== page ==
In 1896, Democrat William Jennings Bryan ran for U. S. president against Republican William McKinley. The country was three years into a depression that pitted industrial coasts against agrarian heartland, old money against wage earners, debtors against creditors. McKinley wore a gold pin during the campaign in solidarity with the gold interests. Silver interests, including those in the West who were mining the black metal in Nevada, wanted to give silver a part in the national economy at a modest ratio of sixteen silver dollars to an ounce of gold. This would put more money in circulation because gold was in short supply. The McKinley backers would have none of it. Bryan, in his most famous speech, said that Americans would not be crucified on a cross of gold.
Gold has always been a refuge from financial chaos. But in the 1890s gold also become the eye of the needle by restricting commerce with its small aperture of limited supply: the economy mushroomed after the Civil War, but the relative supply of hard money needed to grease that expansion did not — including gold. Dollars grew scarce, not for lack of value in a growing economy, but for lack of gold. The farmer with abundant fields found himself borrowing just to get his crop to market. All this was a windfall for anyone who held gold; not so much for farmers and others in the economic machine whose wealth lay in what they produced.
America had become a factory, a supplier to Europe and the world. But the cycle of growth halted in 1893, starting with a panic in Europe. Investment coming into the United States reversed flow and foreign investors began trading their American stocks for hard money, for gold. Gold left the country. But farm and business debt, due to be repaid in gold, did not leave the country and there was less money in circulation to repay that debt. This set the stage for a culture war between those with gold and those who borrowed. Sound familiar?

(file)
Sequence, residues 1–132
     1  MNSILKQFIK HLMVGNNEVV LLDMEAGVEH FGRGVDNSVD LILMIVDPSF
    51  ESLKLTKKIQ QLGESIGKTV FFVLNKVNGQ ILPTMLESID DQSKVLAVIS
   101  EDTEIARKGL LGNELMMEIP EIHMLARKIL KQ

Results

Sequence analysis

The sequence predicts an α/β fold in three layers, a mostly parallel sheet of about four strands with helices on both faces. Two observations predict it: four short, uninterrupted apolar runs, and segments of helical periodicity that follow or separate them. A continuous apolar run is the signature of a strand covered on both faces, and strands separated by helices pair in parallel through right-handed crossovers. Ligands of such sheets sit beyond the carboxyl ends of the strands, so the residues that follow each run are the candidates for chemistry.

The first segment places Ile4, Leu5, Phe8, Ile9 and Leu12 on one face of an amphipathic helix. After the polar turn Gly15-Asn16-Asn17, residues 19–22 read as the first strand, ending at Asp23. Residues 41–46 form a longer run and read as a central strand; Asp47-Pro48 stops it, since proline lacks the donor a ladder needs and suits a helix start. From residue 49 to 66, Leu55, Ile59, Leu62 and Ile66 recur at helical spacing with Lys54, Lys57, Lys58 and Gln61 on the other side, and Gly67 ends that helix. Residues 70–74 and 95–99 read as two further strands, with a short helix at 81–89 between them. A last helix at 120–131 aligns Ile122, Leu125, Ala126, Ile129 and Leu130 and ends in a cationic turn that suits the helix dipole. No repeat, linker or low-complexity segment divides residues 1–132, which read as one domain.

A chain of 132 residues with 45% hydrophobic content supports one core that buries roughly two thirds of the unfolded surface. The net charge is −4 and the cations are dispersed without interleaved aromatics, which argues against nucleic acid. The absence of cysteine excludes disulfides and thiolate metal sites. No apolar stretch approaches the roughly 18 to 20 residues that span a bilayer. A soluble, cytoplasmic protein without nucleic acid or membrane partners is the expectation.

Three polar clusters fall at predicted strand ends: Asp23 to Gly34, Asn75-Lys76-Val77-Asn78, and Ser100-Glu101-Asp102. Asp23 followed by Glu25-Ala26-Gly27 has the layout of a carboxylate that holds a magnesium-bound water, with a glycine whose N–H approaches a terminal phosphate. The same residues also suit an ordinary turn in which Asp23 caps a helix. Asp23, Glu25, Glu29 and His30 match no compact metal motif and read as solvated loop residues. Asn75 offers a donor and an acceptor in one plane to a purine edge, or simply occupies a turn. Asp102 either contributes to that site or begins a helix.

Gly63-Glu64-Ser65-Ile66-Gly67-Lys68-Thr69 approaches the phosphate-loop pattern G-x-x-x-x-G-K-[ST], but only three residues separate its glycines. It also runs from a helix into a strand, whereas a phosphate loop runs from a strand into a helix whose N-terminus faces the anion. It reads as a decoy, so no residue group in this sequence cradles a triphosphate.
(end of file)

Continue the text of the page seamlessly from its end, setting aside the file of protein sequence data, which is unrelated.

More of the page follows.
William Jennings Bryan lost the 1896 presidential race. His cause against the Gold Bugs would have to wait until Franklin Roosevelt beat them back in 1932 when the United States traded the gold standard for the Federal Reserve’s “full faith and credit” of the United States. When neo-gold bugs decry Obamacare and financial reform they see as socialism. It’s no accident that they often speak in grave terms that these efforts are the worst thing to happen to this country since the New Deal. These people need more slogans! Somebody get out the bumper sticker machine:
Love Your Trust Fund
Cherish Your Banker
Kill the Inheritance Tax
This mini essay has been sitting in my out basket for almost a year, but I just got a note from my son who’s studying at a university with an Austrian perspective. The school’s library is dedicated to Ludwig Von Mises. Milton Friedman also figures prominently in the academic pantheon. The Austrian school of economics keeps trying to resuscitate the case for hard money. Needless to say, Ben Bernanke’s quantitative easing would be a bit difficult under such a regimen. Maybe that would leave it to the likes of Rand Paul and Paul Ryan to come up with an alternative means to bring the U.S. economy out of the doldrums. Perhaps an authorized raid on Fort Knox?